One of the promises made by the developers was that they would improve the all-important 'Force Grip' controls used to manoeuvre impossibly large objects in mid-air. This seems like a strange claim now, as I perceived minimal change in the Force Grip part of the game. That's fine with me, as I never had much of a problem with it in the first place. It had a bit of a learning curve, but once it was in my fingers, there was no end to the thrill of grabbing enormous chunks of the scenery and flinging them around.
If anything, Force Grip is a tad worse in The Force Unleashed II. To the developers' credit, once you toss an object, it does seem to home in on enemies a bit more reliably than in the first game; the hard part is picking something up in the first place. The Force Grip targeting flickers all over the screen with no apparent rhyme or reason, so it can be maddeningly difficult just to make Starkiller grab the crate that's sitting right in front of him.
More problematic is the game's use of space. The Force Unleashed gave players wide-open spaces where they had plenty of room to manipulate objects in three dimensions. Too much of the sequel takes place in relatively cramped corridors, such that using Force Grip is a clumsy affair, like working your recliner sofa through a narrow doorway.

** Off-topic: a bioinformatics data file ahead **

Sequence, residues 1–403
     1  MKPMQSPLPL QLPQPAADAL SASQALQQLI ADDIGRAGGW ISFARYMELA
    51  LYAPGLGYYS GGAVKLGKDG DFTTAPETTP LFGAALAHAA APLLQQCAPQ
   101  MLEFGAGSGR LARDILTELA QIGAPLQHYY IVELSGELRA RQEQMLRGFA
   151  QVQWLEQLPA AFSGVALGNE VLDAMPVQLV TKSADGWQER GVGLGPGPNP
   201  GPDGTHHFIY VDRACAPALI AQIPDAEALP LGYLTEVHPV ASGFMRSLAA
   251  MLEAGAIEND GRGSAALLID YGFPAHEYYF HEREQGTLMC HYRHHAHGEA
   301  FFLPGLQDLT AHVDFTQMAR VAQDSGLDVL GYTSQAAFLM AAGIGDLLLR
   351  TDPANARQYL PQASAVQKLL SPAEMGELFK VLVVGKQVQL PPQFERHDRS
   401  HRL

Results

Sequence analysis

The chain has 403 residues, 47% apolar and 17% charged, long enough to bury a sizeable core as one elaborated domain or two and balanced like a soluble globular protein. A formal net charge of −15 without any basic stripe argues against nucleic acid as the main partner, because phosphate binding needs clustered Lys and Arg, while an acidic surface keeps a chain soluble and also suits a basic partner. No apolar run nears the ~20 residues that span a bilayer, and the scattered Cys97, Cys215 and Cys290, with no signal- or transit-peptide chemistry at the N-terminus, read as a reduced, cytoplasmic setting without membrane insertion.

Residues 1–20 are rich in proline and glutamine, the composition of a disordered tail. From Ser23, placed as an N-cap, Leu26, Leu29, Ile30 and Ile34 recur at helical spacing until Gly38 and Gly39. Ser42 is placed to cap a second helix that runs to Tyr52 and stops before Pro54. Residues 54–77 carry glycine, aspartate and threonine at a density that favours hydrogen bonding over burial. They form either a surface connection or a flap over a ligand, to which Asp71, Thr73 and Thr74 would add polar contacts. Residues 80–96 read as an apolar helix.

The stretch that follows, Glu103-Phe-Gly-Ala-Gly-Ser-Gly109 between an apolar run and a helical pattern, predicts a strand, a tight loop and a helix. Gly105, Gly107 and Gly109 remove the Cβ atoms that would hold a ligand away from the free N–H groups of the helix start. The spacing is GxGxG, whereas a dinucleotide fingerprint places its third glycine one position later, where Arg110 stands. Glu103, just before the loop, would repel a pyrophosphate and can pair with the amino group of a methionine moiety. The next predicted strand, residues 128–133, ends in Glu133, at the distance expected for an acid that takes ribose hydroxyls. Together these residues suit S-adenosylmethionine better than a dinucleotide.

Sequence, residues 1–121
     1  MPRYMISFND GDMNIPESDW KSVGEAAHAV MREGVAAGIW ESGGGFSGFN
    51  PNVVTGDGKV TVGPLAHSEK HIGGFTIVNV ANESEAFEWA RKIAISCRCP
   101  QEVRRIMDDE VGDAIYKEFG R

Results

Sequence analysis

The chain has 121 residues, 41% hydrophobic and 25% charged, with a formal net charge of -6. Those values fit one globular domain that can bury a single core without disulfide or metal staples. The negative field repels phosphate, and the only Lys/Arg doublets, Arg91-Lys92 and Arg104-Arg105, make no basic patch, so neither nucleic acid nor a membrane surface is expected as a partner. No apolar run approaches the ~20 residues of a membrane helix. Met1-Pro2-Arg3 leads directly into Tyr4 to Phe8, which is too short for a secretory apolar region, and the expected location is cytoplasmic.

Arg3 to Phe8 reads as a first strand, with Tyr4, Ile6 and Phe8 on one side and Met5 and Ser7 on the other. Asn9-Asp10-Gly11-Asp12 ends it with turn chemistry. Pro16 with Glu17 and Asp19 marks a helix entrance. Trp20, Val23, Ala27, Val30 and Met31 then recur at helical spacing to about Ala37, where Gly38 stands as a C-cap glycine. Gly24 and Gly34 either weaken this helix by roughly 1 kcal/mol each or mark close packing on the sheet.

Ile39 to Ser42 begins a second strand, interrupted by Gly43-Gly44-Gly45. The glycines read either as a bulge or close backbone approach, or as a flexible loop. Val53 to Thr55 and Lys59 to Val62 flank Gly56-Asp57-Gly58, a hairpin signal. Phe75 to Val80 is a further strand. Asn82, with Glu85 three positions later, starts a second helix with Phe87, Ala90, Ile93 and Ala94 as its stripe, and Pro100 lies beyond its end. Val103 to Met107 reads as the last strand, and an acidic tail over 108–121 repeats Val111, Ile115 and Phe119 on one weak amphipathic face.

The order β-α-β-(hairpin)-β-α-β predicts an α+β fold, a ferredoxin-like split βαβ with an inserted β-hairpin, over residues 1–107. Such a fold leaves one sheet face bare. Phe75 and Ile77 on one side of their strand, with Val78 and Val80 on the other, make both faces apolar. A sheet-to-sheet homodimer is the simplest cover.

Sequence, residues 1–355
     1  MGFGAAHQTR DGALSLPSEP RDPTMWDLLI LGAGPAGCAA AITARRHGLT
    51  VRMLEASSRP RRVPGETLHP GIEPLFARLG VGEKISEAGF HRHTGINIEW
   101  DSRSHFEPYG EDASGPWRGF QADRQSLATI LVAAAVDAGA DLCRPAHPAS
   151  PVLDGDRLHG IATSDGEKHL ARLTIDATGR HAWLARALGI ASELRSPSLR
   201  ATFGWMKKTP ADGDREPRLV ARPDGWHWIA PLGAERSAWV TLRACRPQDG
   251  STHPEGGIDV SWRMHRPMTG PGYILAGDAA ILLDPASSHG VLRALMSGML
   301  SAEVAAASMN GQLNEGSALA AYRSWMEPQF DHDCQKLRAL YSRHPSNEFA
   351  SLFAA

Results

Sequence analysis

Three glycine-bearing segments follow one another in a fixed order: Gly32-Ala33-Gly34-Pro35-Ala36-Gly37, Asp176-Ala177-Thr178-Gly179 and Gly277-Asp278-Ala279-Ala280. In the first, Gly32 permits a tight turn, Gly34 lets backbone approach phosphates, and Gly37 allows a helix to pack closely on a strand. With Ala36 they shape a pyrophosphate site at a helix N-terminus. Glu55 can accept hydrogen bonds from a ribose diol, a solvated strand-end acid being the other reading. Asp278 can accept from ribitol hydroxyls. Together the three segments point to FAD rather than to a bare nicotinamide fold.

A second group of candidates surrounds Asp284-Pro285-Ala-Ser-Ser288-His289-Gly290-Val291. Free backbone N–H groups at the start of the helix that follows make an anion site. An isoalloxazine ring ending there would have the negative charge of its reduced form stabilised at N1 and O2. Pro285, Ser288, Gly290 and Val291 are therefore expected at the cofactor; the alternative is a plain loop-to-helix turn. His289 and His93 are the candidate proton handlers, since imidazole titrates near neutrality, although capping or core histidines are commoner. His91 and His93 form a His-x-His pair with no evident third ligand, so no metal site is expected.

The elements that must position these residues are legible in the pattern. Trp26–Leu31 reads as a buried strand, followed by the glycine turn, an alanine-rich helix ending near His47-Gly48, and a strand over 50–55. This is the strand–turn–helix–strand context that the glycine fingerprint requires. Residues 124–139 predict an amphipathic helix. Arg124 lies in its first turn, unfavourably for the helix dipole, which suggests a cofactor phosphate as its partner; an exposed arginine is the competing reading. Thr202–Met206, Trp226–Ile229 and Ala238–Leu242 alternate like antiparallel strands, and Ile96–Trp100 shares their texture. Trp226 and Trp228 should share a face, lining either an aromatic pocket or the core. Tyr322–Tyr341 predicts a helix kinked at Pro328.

On one seemingly airy level, The Force Unleashed II even commits that most egregious sin of level design: invisible walls and ceilings. I found myself wondering, why can't I rocket that stormtrooper into the great beyond? The answer was: because the developers said so, that's why.
It's hard to imagine a game that squanders its opportunities more than this one. The Force Unleashed was not just a very good game; it also had plenty of room for improvement. That translates into a rare chance to make something phenomenal. This sequel should have been like Mass Effect 2: a triumphant success that makes good on the original vision.
Instead, we get a game that feels like it was created out of obligation rather than inspiration. The Force Unleashed was Haden Blackman's baby, yet he left LucasArts a couple months before the sequel was released. In retrospect, that may have been a sign of trouble. The game industry's obfuscating wall of public relations minders and non-disclosure agreements will keep us from knowing the story behind The Force Unleashed II for a long time, but the final product certainly has the whiff of a creative process gone awry.
Whatever went down behind the scenes, the result is a game that sometimes resembles a flavorless tech demo for The Force Unleashed – not a worthy successor. While there are certainly pleasures to be had in The Force Unleashed II, they come off as the dregs of a concept that has run its course. The series was bound to exhaust itself someday, but the fact that it happened this early is a brutal disappointment.
5 / 10